The big problem is the editing. Who is Charlie Keeper? suffers from poor punctuation and too many instances of dodgy syntax. It's nothing that couldn't be ironed out with some thorough proof-reading, but it really does interrupt the flow of reading. I don't much like reading sentences twice to be sure of the meaning and emphasis, and children are, by and large, less patient and tolerant than reviewers. There are too many errors for them not to be distracting. This aside - although I think it is a serious problem - the book has a great core. It's big-hearted, open, pacy and exciting, so kudos to it for that.
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Veronica Hoggar said:
I’ve always been a big fan of reading and really enjoy the fantasy genre. This book had me gripped from page one and I couldn’t put it down. Brilliant story, well written and a very likeable heroine who is much more real than some other characters I’ve come across. Truly a great read that lets your imagination stretch to its most creative limits. If you were thinking about reading this, my advice, be quick before it becomes a movie. Can’t wait for the next one!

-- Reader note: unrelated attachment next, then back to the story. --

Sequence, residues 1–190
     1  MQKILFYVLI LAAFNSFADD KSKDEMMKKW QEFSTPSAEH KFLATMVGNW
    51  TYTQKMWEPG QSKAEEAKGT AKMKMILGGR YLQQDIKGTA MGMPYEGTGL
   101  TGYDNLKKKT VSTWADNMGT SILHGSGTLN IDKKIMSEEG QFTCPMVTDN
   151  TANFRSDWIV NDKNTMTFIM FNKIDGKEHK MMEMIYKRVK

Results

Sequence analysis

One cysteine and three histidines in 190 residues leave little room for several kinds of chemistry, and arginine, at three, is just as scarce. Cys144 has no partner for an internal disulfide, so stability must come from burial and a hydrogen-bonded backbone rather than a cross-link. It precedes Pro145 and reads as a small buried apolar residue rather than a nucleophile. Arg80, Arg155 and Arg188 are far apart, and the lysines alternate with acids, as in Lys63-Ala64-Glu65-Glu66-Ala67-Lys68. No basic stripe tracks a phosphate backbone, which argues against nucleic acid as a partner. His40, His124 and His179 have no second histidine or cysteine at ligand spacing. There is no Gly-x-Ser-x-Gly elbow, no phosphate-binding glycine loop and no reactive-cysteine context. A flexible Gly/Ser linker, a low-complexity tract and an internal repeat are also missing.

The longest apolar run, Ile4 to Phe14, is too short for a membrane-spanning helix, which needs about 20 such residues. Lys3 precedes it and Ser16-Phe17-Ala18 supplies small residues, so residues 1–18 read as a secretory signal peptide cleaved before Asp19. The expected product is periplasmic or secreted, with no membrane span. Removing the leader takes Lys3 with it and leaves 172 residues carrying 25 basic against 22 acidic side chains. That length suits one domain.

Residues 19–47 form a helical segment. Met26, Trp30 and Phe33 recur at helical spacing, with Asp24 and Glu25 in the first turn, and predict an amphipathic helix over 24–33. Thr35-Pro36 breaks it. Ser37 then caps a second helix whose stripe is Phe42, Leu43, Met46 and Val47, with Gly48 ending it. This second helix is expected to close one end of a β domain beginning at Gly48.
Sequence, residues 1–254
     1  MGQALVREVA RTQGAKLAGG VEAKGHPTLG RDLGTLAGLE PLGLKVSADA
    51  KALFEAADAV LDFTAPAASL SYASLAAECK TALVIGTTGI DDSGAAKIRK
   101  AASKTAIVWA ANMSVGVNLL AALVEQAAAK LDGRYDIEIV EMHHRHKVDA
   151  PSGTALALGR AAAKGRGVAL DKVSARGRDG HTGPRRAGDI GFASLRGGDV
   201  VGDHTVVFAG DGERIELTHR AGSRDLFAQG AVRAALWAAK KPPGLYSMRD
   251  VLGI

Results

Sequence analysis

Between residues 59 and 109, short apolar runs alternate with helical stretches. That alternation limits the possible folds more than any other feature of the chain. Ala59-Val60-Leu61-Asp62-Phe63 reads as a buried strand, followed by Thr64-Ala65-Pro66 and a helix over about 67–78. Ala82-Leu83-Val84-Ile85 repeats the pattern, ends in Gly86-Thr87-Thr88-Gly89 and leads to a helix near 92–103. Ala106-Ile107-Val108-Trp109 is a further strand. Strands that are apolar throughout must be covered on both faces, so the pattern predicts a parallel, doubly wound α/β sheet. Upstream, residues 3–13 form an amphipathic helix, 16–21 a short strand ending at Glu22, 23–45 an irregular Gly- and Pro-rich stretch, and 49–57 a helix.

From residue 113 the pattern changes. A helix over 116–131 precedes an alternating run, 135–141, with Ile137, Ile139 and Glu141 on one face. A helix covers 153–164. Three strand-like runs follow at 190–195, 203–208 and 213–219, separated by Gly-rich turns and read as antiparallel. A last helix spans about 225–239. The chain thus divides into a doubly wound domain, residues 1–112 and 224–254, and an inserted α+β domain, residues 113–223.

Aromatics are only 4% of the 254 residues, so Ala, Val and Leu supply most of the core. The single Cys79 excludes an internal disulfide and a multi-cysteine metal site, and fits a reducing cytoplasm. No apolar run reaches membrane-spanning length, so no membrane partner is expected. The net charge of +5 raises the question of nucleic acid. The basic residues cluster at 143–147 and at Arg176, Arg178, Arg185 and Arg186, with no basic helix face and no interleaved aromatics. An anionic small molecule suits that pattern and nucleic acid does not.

Hi Book Bag,
I've used your site for a while, its a wonderful book compass and does always seem to point in the right way but I believe that in this case you missed the mark. I adored this book, yes there were errors, yes there were grammatical mistakes but after reading the book it is very easy to forgive these failings because eveything in this book is glorious. The characters are surely magical, the baddies Stix, Stones, Mr Crow and Bane are the epitah of evil the storyline was fast driven and exciting and I could go on and on but I think I would start to stutter!! I can understand the reviewers tenuous disagreeability with the 'syntax' but surely it deserves a whole heap of stars, possibly 32 out of 5 not a dickering 3 out of 5. (Yes I know this isn't possible but I'm trying to scream out a point and jump up and down and wave at the same time!!!)